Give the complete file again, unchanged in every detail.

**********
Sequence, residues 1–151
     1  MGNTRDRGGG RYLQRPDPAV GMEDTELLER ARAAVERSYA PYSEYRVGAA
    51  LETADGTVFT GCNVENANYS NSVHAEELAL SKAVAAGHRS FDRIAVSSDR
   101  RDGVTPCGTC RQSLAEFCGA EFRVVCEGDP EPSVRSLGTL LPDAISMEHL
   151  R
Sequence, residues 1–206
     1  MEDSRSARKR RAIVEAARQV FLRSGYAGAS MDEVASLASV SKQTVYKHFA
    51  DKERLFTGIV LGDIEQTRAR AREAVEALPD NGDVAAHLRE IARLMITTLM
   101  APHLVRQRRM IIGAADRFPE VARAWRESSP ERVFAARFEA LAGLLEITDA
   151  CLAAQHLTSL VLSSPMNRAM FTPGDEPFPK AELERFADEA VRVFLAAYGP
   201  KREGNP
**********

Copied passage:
Sequence, residues 1–151
     1  MGNTRDRGGG RYLQRPDPAV GMEDTELLER ARAAVERSYA PYSEYRVGAA
    51  LETADGTVFT GCNVENANYS NSVHAEELAL SKAVAAGHRS FDRIAVSSDR
   101  RDGVTPCGTC RQSLAEFCGA EFRVVCEGDP EPSVRSLGTL LPDAISMEHL
   151  R
Sequence, residues 1–206
     1  MEDSRSARKR RAIVEAARQV FLRSGYAGAS MDEVASLASV SKQTVYKHFA
    51  DKERLFTGIV LGDIEQTRAR AREAVEALPD NGDVAAHLRE IARLMITTLM
   101  APHLVRQRRM IIGAADRFPE VARAWRESSP ERVFAARFEA LAGLLEITDA
   151  CLAAQHLTSL VLSSPMNRAM FTPGDEPFPK AELERFADEA VRVFLAAYGP
   201  KREGNP